Northwest Fisheries Science Center

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Document Type: Journal Article
Center: NWFSC
Document ID: 8711
Title: Experimental evidence for olfactory imprinting by sockeye salmon, Oncorhynchus nerka, at embryonic and smolt stages
Author: Michelle A. Havey, Andrew H. Dittman, T. P. Quinn, S. C. Lema, D. May
Publication Year: 2017
Journal: Transactions of the American Fisheries Society
Volume: 146
Issue: 1
Pages: 74-83
Keywords: imprinting,sockeye salmon,homing

Anadromous salmonids have an extraordinary ability to migrate back to their natal streams as adults for spawning but the mechanisms underlying this ability are incompletely known. Many experiments indicate that salmon imprint on natal odors at the smolt stage prior to seaward migration, but the life history and population genetics of some species, notably sockeye salmon Oncorhynchus nerka, suggest that imprinting likely also occurs during the period between hatching and emergence from the gravel as fry. To test the hypothesis that sockeye salmon imprint during this period, and to estimate the duration of odor exposure needed for imprinting at the smolt stage, we exposed juveniles to a mixture of odorants during either the alevin or smolt stage. The smolt exposure group was further divided into different exposure durations (six weeks, one week, and one day) to evaluate the duration of odor exposure needed for imprinting during the smolt stage. Imprinting was then assessed by testing fish as mature adults in two-choice mazes. Fish exposed either as alevins or for six weeks as smolts both spent significantly (P < 0.05) more time in the odor-scented arm compared with control fish (unexposed to the odors as juveniles), as did those exposed for six weeks at the smolt stage. Fish exposed to odors for one week or one day as smolts showed similar but weaker responses. Concurrent measures of gill Na+/K+-ATPase activity and thyroxine (T4) confirmed that the fish exposed as smolts were undergoing the parr-smolt transformation during exposure. We conclude that sockeye salmon are able to imprint as both alevins and smolts, and that longer periods of odor exposure yielded greater behavioral responses to odors as adults, though specific times within the parr-smolt transformation period may be more sensitive to imprinting than others.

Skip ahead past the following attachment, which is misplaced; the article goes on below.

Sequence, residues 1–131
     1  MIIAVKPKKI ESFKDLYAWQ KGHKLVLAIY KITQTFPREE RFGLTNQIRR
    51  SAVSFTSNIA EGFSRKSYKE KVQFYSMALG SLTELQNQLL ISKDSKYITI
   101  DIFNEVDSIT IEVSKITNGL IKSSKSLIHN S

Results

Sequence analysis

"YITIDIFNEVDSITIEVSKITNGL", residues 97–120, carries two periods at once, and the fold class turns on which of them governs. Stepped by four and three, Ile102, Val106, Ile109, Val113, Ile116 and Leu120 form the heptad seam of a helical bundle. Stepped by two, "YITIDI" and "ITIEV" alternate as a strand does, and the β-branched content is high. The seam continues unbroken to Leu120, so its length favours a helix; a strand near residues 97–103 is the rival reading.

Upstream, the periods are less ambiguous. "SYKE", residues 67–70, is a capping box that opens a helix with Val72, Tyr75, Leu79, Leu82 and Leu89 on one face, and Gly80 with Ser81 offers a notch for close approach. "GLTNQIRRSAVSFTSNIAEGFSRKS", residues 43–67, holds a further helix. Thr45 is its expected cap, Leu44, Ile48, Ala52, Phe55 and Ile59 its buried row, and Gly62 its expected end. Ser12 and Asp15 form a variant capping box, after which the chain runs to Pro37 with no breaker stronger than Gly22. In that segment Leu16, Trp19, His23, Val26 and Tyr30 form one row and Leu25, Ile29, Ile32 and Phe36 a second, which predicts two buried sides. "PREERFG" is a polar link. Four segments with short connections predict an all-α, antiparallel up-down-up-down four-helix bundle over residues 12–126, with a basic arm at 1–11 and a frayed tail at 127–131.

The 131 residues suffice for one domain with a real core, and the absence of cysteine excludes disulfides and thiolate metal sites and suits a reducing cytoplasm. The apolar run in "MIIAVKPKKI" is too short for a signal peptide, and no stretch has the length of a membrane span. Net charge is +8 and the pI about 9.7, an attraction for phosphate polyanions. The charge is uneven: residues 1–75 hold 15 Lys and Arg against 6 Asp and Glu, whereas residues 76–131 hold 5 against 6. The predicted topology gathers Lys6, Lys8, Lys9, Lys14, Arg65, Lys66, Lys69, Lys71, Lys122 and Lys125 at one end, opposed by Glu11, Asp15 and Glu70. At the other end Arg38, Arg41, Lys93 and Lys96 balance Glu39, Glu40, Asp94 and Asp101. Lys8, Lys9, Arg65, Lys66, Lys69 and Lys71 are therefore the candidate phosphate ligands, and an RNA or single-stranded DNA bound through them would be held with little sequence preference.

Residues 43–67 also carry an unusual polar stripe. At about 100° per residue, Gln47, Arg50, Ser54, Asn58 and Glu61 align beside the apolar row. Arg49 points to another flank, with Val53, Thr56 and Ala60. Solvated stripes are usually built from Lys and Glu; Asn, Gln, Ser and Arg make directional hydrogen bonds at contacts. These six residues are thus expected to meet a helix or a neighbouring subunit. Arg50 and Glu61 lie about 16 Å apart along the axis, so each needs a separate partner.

Theme: Recovery and rebuilding of marine and coastal species
Foci: Characterize the population biology of species, and develop and improve methods for predicting the status of populations.
Evaluate the effects of artificial propagation on recovery, rebuilding and sustainability of marine and anadromous species.